Report paints a very negative picture of a toxic work environment since Prime Minister Justin Trudeau tapped Payette for Governor-General in 2017, The Globe and Mail has learned

In this 2018 file photo, Governor-General Julie Payette delivers remarks during a celebration of the 100th anniversary of Statistics Canada at its headquarters in Ottawa.
Justin Tang/The Canadian Press
An independent review of workplace harassment allegations raised by past and current staff at Rideau Hall has been completed, heightening further speculation on whether Julie Payette can stay on as Governor-General.
Sources, who have been briefed on the independent review, says it paints a very negative picture of a toxic work environment at Rideau Hall since Prime Minister Justin Trudeau tapped the former astronaut for Governor-General in 2017.
Multiple confidential sources say the review may make it difficult for Ms. Payette to remain as Governor-General amid growing signs the Prime Minister has lost patience after accepting the report that outlines allegations of bullying.
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A senior government official described Ms. Payettes tenure as a car wreck.
Intergovernmental Affairs Minister Dominic Leblanc has been tasked with stickhandling the report, which one senior official said is not very pretty.
If Ms. Payette is unwilling to submit a resignation or refuses to leave when asked, Prime Minister Justin Trudeau could call on the Queen and request that the Governor-General be dismissed, although experts say that would be the last resort.
The federal government hired an Ottawa-based private corporation in September to independently investigate and draft a report on the nature of concerns within the Office of the Secretary to the Governor-General (OSGG).
Both current and former employees of the OSGG will be invited by the firm to voluntarily and confidentially share their perspectives, the PCO said. Sources say they interviewed between 80 to 150 people.
The independent investigations also spoke to past and current employees about behaviour of the Secretary to the Governor-General, Assunta Di Lorenzo, who is a longtime friend of Ms. Payette. Ms. Di Lorenzo has hired a lawyer to deal with PCO, sources say.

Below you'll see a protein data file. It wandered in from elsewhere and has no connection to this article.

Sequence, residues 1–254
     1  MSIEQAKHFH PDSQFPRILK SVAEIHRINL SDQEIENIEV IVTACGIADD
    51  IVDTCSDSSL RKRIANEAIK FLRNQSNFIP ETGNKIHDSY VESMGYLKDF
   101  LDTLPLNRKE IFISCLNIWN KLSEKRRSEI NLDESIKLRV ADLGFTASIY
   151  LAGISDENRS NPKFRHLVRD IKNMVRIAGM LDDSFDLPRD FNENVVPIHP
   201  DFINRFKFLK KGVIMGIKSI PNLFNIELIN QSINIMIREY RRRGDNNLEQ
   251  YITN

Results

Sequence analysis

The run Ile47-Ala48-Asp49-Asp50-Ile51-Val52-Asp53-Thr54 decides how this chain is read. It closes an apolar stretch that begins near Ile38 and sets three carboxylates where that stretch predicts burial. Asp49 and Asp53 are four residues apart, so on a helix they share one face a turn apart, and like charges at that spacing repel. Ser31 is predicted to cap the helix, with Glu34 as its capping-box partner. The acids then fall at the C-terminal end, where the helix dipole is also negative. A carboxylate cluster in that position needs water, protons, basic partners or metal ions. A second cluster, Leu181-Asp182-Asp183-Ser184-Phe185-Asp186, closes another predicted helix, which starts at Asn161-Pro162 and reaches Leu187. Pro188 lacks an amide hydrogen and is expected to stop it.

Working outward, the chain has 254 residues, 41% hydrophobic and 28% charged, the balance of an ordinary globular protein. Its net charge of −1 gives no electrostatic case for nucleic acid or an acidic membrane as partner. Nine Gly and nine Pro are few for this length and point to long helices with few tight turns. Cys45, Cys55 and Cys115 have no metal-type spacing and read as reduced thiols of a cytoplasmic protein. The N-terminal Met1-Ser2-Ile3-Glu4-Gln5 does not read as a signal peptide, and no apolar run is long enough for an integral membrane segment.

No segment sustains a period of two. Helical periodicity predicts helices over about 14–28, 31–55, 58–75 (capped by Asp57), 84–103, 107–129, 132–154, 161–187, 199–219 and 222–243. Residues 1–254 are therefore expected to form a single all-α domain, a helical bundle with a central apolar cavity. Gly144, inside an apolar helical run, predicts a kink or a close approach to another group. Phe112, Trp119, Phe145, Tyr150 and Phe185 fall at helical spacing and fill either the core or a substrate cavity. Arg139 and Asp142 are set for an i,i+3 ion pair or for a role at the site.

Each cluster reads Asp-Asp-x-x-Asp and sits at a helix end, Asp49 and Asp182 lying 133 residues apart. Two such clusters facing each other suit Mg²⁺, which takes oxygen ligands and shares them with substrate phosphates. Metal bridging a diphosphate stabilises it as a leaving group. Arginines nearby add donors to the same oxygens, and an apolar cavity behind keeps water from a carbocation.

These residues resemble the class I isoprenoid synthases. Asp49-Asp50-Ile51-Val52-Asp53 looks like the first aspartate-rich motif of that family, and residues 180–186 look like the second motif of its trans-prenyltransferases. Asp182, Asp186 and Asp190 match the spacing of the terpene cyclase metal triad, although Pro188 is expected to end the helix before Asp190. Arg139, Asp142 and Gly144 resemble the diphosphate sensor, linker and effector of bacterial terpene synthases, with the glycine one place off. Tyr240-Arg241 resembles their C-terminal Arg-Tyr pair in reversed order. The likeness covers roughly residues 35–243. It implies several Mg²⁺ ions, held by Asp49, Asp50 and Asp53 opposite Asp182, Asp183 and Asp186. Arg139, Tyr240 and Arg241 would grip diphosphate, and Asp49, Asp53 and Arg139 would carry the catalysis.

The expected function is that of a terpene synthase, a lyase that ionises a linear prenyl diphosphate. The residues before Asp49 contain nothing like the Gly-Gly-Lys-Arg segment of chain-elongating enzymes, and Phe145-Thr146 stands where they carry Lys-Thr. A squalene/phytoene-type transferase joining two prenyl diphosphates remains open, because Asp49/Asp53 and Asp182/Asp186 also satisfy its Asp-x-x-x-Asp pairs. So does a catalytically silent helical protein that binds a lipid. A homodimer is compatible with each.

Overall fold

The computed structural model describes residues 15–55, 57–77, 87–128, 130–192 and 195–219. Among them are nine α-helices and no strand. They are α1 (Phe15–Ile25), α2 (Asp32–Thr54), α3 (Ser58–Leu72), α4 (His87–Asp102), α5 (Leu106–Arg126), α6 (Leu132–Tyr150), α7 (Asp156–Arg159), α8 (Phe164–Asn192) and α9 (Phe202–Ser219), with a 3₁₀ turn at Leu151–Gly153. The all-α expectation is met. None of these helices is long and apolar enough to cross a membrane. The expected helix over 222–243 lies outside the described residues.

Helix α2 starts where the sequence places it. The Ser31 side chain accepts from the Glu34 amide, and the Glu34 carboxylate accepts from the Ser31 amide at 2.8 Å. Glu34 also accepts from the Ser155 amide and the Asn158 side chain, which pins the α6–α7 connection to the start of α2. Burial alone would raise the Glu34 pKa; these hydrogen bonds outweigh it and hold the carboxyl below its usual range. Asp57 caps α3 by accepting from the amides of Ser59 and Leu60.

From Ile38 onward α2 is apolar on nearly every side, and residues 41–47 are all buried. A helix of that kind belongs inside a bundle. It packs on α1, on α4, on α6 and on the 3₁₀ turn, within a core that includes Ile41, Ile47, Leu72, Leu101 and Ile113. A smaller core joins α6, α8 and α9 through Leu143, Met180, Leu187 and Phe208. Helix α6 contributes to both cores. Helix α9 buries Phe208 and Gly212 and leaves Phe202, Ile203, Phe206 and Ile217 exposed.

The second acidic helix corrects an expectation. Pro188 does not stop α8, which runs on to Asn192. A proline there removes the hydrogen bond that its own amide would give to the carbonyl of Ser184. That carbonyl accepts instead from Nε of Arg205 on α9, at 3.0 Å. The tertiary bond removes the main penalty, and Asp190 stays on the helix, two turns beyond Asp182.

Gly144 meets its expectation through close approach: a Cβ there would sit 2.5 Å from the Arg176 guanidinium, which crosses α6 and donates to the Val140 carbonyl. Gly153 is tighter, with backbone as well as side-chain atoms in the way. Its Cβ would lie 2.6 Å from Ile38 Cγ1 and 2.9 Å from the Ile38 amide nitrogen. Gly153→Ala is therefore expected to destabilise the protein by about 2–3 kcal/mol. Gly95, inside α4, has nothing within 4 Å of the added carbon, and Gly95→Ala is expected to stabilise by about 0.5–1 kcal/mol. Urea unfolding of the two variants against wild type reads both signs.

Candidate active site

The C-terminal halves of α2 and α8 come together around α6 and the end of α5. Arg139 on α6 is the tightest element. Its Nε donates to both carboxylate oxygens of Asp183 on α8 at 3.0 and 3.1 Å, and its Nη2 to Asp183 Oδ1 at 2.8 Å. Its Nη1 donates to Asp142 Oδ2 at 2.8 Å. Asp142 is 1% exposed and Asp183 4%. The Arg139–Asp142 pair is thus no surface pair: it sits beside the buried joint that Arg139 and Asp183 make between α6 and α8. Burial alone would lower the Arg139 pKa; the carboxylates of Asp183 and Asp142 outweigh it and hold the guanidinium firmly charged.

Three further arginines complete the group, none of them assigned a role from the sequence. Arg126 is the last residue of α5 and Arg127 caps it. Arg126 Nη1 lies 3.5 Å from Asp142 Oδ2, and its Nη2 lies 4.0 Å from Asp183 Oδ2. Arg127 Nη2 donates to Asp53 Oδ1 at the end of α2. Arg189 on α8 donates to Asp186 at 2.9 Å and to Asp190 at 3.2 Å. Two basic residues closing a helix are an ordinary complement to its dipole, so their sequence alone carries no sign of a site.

The review was first commissioned in July after CBC News cited sources saying that Ms. Payette created a toxic environment at Rideau Hall by verbally harassing employees to the point where some have been reduced to tears or have left the office altogether.
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CBC and Postmedia have also reported that hundreds of thousands of dollars have been spent on designs and renovations at Rideau Hall, some allegedly for Ms. Payettes personal privacy and accessibility. In 2018, The Globe and Mail reported Ms. Payette was frequently at odds with the RCMP over security issues, such as going for a jog by herself without informing her security detail.
Sources say that the confidential report has been delivered to the Privy Council Office, which oversees the federal bureaucracy and reports directly to the Prime Minister, and some of the findings are expected to be released as early as this week.
On July 23, Ms. Payette said in a statement that she takes harassment and workplace issues very seriously and welcomed the independent review.
The Privy Council Office said in September the independent third-party reviewer will inform participants of the contents of the review, which will include a description of the nature of the incidents and whether they meet the definition of harassment on a legally sufficient basis. The review report will also include recommendations on next steps.
Employees of the Governor-Generals office are part of the core public service. The Privy Council said those employees are also covered by federal anti-harassment rules.
New regulations for federal workers are set to come into force on Jan. 1, 2021. They include provisions such as employer obligations to take corrective measures based on the results of an investigation. The legislation, passed in 2018, defines harassment as any action, conduct or comment, including of a sexual nature, that can reasonably be expected to cause offence, humiliation or other physical or psychological injury or illness to an employee, including any prescribed action, conduct or comment.
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The 2019 Public Service Employee Survey, which measures federal workers attitudes about their jobs each year, suggested that 22 per cent of the Governor-Generals employees said they were the victim of harassment on the job, with most of those instances coming from someone with authority over them. The annual survey has suggested that the Governor-Generals office has one of the highest rates of on-the-job harassment of any federal agency or department.
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